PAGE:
An effort to imitate the fleet of Canadian truckers who brought Ottawa and several border crossings to a standstill is struggling in the U.S. as COVID mandates, COVID fears and general COVID obsession has seemed to evaporate in favor of the new crisis in Ukraine.
The “People’s Convoy” hit another roadblock as the National Park Service unsurprisingly denied their application for a permit to turn the National Mall in the heart of Washington, D.C. into a trucker encampment. In a letter obtained by The Daily Beast on March 15, the agency wrote to lead organizer Brian Brase that they had “partially denie[d]” the request, citing a series of other requests to use the Mall.
Brase wrote that “10,000 to 100,000” supporters would show up for the National Mall encampment, but when The Daily Beast reported from their Hagerstown encampment at a local speedway at its peak two weeks ago, no more than 2,000 convoy-goers were present. Since then the convoy has dwindled to about 500 participants sticking it out in the small town nearly two hours northwest of D.C.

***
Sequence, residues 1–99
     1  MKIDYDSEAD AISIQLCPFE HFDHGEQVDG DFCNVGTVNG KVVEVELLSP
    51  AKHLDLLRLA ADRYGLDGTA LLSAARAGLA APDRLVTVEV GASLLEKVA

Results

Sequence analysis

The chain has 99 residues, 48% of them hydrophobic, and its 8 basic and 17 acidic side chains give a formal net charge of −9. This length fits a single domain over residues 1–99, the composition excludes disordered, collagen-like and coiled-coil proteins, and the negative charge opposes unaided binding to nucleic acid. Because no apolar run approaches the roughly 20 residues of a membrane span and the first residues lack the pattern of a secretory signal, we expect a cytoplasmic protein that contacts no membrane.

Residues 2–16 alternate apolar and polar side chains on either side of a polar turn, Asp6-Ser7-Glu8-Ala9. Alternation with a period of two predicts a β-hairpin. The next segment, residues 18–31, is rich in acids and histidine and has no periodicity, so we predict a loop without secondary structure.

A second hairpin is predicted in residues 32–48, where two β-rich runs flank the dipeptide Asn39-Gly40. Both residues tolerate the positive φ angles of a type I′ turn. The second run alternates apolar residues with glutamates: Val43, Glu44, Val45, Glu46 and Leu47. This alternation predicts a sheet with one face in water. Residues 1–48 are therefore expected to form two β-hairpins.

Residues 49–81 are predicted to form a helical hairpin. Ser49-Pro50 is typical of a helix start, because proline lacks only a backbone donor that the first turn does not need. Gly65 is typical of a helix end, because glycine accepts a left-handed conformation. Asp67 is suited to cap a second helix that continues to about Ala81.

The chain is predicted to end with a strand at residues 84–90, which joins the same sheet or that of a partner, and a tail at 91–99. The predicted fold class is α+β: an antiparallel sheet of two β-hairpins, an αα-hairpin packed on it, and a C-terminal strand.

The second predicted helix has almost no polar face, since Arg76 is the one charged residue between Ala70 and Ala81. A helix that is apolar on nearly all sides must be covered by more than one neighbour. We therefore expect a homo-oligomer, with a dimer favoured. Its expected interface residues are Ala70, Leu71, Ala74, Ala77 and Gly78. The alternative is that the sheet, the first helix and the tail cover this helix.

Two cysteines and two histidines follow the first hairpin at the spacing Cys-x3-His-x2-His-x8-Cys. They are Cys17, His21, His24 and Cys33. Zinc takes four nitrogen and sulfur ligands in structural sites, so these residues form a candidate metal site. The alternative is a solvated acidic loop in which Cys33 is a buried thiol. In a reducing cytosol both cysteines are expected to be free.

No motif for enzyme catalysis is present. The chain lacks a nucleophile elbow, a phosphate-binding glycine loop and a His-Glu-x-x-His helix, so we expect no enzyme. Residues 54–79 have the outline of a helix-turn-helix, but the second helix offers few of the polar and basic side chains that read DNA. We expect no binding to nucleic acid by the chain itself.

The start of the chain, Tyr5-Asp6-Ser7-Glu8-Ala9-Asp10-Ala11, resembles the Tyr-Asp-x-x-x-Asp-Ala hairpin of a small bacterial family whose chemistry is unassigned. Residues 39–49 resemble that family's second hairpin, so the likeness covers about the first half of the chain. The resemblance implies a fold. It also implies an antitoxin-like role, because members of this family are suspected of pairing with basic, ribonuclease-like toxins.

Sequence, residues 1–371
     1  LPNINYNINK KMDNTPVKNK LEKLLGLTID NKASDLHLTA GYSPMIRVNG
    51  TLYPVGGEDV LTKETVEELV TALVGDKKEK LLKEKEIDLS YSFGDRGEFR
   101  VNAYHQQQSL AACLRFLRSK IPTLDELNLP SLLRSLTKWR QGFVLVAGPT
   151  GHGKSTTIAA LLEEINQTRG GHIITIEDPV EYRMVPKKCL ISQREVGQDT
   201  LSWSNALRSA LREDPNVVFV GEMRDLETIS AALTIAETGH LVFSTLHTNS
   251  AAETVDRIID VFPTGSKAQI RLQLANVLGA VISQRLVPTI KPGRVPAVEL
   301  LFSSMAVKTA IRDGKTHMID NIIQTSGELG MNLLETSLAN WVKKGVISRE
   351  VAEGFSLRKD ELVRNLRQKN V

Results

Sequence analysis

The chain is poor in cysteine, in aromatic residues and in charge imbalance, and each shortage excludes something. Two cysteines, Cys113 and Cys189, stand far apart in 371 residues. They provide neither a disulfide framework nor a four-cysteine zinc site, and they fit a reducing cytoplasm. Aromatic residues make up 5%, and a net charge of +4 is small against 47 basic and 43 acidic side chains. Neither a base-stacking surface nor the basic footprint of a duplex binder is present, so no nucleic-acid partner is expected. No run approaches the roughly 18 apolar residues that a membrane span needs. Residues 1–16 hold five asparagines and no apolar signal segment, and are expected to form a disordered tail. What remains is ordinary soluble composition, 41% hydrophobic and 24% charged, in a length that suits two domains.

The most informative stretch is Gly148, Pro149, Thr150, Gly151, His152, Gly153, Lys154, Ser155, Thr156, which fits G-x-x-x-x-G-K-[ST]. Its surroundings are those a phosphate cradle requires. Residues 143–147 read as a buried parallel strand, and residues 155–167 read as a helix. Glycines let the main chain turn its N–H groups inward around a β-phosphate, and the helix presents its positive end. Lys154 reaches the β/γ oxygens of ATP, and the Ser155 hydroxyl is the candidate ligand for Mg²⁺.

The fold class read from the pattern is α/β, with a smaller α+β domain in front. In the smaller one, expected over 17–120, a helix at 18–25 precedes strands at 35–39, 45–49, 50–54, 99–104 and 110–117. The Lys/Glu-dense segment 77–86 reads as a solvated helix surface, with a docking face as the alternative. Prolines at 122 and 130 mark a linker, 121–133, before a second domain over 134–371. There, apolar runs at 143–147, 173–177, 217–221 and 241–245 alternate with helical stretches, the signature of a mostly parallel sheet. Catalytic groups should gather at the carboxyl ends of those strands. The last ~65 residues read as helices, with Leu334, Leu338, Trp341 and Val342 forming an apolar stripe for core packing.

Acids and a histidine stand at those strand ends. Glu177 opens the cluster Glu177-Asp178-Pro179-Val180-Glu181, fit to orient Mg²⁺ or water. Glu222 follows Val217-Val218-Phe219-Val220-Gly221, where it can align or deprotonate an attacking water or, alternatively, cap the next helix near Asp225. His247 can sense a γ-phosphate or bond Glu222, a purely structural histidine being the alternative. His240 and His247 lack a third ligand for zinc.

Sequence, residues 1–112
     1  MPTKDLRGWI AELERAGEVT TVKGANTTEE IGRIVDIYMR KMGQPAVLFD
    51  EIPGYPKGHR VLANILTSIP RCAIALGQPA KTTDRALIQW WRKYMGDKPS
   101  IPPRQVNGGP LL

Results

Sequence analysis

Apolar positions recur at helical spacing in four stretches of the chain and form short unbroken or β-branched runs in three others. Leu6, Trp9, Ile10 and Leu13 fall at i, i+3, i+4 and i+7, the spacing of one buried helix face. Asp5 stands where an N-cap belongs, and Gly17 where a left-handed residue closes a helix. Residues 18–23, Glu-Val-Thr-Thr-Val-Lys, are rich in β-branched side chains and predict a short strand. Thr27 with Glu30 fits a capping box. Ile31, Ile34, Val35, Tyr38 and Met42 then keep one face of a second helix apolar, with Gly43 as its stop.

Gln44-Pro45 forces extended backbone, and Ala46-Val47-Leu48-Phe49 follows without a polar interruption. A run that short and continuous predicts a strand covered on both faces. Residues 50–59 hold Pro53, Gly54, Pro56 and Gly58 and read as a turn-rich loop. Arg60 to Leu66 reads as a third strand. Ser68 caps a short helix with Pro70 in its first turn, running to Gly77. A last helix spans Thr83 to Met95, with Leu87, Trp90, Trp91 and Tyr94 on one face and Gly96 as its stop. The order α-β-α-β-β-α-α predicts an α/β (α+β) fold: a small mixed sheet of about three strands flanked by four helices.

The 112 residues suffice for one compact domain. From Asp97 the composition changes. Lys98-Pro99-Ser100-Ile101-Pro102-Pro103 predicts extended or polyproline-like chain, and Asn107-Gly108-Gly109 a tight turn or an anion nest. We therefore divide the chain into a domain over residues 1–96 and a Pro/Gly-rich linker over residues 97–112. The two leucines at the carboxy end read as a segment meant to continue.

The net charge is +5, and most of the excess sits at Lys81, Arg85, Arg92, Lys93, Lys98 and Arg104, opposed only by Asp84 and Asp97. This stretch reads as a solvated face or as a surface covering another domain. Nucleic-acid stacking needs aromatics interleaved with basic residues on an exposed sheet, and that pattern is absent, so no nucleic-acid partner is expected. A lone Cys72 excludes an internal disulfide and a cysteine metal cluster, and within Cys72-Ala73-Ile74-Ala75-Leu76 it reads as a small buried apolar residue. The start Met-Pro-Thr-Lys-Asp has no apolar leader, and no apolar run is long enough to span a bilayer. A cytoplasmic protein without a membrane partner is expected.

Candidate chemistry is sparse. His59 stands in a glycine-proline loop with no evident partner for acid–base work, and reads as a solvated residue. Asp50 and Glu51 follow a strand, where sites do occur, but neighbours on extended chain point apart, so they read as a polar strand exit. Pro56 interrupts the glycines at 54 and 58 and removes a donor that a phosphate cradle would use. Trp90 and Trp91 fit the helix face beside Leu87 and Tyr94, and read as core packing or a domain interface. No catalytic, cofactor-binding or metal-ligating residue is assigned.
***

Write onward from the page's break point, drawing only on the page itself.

Also, however, towns and cities and states across the U.S. have suddenly been lifting, easing and removing COVID restrictions and mask mandates, robbing the convoy of an ongoing cause.
The People’s Convoy, which has added to already heavy traffic around Washington, had also requested a huge amount of space and time for their pop-up trucker camp, requesting all National Mall land between “3rd and 12th streets, Madison and Jefferson Drives” for a demonstration intended to last from March 14 through March 26.
The permit rejection didn’t come up at the group’s meeting on Tuesday evening, where organizer Mike Landis said that while the prospect of “tear[ing] the fence down at the White House and hang[ing] politicians” was “extremely enticing,” he added that isn’t “why we are here.”